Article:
I had the pleasure to sit down with Stephen M.R. Covey last week to discuss the importance of trust and how it can cut through the noise and clutter in today’s economy.
Here is a short clip after our interview which appeared in the Telegraph Journal May 17, 2012. (full interview below) (Sorry for the wobbly camera at the beginning, either to much coffee or my nerves getting the best of me.)
As promised, Stephen’s bio is also included, below.
Today we had a good conversation about the value of questions in the coaching exchange. The following is a compilation of what came out of that conversation. Our hope is that you continue the conversation by sharing this post and commenting with YOUR beliefs about questions. Read more...
Authentic curiosity is stimulated by asking WHAT questions, not by When or How questions which tend to go towards solutions
Why questions are rare in coaching because they ask you to defend or explain your position instead of exploring it.
You could do a whole coaching session using nothing but what questions that would accomplish everything you would need to do in a coaching exchange.
The Coaching Out of The Box® team got together for a planning meeting and got into a good conversation about employee motivation. What follows is the thoughts we had and we would love to see you add to the list!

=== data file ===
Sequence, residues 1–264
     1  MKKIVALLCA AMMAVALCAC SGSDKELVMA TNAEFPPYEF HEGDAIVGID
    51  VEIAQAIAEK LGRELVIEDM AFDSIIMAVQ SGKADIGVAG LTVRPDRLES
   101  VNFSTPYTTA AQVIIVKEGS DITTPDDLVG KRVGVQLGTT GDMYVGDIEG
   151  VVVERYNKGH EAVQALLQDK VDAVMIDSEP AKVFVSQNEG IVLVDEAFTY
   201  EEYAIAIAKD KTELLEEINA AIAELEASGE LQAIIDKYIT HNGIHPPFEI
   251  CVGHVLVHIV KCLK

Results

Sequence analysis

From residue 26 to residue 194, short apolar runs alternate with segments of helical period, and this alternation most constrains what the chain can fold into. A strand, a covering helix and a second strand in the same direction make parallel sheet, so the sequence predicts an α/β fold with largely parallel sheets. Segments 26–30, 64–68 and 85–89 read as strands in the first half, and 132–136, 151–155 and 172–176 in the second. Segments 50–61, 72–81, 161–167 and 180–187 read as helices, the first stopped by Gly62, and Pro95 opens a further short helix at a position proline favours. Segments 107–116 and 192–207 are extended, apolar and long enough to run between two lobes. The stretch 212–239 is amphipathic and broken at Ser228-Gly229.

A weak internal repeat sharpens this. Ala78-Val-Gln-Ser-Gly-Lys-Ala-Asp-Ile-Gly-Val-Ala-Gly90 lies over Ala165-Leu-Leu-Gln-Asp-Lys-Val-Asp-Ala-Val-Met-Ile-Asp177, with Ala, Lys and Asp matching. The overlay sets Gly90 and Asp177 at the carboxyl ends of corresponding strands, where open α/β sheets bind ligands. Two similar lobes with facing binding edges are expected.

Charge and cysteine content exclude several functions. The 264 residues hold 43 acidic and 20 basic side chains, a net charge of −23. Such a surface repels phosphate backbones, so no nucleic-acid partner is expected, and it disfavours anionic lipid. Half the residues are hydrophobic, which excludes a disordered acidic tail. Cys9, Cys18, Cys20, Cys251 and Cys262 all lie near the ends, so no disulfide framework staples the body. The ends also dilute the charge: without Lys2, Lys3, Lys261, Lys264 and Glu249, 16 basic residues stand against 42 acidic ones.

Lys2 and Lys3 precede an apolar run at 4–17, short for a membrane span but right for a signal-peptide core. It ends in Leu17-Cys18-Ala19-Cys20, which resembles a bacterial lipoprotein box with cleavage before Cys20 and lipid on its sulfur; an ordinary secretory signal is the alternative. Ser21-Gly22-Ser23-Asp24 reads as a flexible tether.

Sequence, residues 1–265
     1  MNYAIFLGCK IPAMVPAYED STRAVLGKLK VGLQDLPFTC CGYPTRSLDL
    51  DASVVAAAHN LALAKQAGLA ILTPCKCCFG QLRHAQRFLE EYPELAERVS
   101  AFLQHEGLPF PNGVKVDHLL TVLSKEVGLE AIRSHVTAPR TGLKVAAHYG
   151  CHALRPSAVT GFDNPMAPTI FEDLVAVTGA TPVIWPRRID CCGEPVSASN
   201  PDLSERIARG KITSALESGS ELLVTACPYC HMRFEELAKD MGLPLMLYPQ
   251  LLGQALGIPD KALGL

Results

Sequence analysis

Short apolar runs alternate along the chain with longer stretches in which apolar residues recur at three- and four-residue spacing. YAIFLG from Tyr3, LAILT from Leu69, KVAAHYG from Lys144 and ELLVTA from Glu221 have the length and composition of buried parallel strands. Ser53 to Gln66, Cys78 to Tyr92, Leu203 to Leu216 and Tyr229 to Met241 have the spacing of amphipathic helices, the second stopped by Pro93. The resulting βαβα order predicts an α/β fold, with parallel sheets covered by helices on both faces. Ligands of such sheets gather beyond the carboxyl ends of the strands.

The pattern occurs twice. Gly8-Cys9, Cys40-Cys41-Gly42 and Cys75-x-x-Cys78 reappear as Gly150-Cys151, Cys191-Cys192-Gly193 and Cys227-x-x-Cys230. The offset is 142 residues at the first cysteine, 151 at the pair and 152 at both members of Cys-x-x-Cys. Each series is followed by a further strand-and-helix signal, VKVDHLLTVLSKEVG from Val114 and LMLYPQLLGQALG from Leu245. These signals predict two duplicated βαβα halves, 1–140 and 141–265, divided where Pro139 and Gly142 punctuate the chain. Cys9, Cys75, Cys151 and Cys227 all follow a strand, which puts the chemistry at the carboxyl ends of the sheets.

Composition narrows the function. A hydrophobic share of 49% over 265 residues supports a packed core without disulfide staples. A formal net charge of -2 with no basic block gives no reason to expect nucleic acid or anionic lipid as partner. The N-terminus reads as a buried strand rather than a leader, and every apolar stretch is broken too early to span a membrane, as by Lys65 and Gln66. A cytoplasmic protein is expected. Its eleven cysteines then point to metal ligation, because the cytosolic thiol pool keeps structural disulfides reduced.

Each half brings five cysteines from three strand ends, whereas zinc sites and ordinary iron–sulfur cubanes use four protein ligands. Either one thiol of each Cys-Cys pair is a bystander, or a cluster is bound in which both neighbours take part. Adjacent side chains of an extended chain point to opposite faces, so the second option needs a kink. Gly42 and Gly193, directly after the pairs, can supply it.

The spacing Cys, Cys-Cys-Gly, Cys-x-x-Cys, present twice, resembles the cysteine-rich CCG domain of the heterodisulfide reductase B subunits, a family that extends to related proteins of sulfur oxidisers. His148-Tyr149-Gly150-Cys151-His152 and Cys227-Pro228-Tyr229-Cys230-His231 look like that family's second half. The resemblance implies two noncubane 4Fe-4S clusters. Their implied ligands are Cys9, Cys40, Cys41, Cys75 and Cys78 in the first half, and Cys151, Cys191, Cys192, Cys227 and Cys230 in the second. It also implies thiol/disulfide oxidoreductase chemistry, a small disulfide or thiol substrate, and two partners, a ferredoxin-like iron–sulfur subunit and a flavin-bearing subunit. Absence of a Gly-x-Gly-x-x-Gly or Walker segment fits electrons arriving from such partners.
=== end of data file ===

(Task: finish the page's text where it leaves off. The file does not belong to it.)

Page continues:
Treat them like they are 5
Tell them what to do
Don’t follow up
Don’t notice the little things
Don’t model what you expect of them
Disrespect their time
Believe that they don’t need to know everything going on
Make decisions without consulting them
Have corporate values that are just words on a wall
I’m wondering if you can give me some advice on managing my boss. I am really into trying to build on the positive with employees and I spend a lot of time in our staff meetings trying to give credit where it’s deserved and cast management decisions in a positive light. However, my boss tends to follow up my comments by saying something that sucks all the positivity out of the room. He is a really good guy and I don’t think he realizes the does it, but he speaks badly of former and current employees to me with the office door open so the people who sit nearby can hear. He also acts like employees can’t be trusted. We recently participated in a top 100 Companies to Work For survey, and people came to me and asked if I wanted us to win or if I wanted them to be honest. Of course I want honesty, but it concerns me that they would ask. Also, I recently conducted a peer review wherein employees were asked to finish the following statements about each of their peers: please do more of this, please keep doing this, and please do less of this. The response for my boss was overwhelmingly to stop making negative comments and treating employees as if they are expendable. I’m nervous to bring this up with him, because I don’t think he even realizes he does it, but I feel like there is a consistent pattern wherein he negates praise or recognition with a small but cutting comment. Read more...
On the verge of launching into the LinkedIN world, we found it relevant to pause and write a post about the value of social media.. not only for us, but hopefully for all of you in your businesses and organizations. Read more...
The following is a guest post from Tom Maher “the Musician’s Coach” who we met at the recent ICF conference. No more introduction needed, this blog post will give you a great sense of the man behind the “heels”! ***